First Person Singular: Sports agent Jim Tanner
I got to high school and started doing debate. I think that's what pointed me in the direction of being an attorney. I loved debate: dealing with the issues, trying to come up with the arguments, the competition of it.
The sports world is filled with pressure: pressure for the athletes to perform; to live up to the contracts that they are able to secure; to meet or exceed expectations of them from their teammates, the organizations that they play for and from the fans. I think when the guys are paid that kind of money, it does come with additional responsibility, not just on the court but off the court -- you know, being an ambassador for the team and being a representative in the community. And I think on the same side, it's a very pressure-filled world for the representatives.
You've got to be on a call pretty much at all hours. Sometimes you'll have clients playing overseas, so they're calling in the middle of the night, waking you up with issues. Some days you're called upon to be an attorney, dealing with straight legal issues; some days you're called upon to be a marketing person, negotiating endorsement deals; other days you're more like big brother.
You can have a much more personal relationship representing an individual as opposed to a corporation, and I find that appealing. I think one of the most exciting moments [for me] was being in the [NBA] draft room with Marvin Williams. You're in the green room -- the area of the draft where the prospects that are going to be the first 15 or 20 picks and their families are. There were eight of us: his family, his brothers, his friend and me -- waiting for his name to be called. You may know the range where a guy's going to go, but you may not know exactly where. So the commissioner calls his name -- No. 2 -- he gets up, and all the cameras rush over to him.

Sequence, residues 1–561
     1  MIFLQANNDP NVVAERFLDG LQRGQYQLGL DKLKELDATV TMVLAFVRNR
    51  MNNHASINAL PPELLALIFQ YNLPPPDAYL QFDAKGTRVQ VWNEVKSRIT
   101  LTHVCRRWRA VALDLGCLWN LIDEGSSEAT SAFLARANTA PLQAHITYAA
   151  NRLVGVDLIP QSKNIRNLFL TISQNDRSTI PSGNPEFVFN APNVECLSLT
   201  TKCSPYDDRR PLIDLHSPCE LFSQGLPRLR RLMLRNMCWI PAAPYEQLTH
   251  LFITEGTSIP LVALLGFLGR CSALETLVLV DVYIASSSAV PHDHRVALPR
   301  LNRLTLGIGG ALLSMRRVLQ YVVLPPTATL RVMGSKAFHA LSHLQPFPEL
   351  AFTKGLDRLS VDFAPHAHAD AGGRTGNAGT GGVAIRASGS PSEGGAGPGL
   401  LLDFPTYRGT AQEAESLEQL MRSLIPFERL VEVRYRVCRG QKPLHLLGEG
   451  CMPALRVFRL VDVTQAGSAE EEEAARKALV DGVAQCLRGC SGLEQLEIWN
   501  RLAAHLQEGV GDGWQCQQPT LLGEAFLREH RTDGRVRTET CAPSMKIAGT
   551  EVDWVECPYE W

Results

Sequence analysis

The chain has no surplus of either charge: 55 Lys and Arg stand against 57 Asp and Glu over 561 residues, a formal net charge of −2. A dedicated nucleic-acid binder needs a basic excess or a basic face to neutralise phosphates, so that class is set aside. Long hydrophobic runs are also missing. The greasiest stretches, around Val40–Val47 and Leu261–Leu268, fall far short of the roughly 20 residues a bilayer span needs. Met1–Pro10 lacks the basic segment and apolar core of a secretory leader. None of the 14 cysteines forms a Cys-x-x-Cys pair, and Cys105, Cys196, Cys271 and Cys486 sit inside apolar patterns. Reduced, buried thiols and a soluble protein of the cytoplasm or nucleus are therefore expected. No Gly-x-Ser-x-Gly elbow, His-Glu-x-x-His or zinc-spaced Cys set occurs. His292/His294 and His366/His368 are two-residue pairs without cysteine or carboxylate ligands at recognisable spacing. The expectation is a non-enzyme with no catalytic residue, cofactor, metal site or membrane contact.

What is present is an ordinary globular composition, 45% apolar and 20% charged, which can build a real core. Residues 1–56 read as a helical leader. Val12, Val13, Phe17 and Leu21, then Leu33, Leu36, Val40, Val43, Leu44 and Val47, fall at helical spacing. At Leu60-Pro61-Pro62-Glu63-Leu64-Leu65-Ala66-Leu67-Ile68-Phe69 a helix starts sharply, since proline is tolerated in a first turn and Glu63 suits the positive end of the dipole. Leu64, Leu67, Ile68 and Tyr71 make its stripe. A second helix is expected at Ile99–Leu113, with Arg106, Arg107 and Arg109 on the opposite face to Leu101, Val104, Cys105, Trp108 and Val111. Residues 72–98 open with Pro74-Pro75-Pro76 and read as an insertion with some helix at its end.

Everybody's excited, he hugs all his family members, hugs everyone at the table, and then he goes up and shakes hands with the commissioner. Gets the team hat. I mean, it's definitely a life-long dream they've all been preparing for since they were kids. Everybody wants to go up on stage and shake hands with Commissioner [David] Stern and put the hat on. But they're nervous about it, and you've got to let them know what to expect and what's going to happen. You're their liaison, their advocate.
Interview by KK Ottesen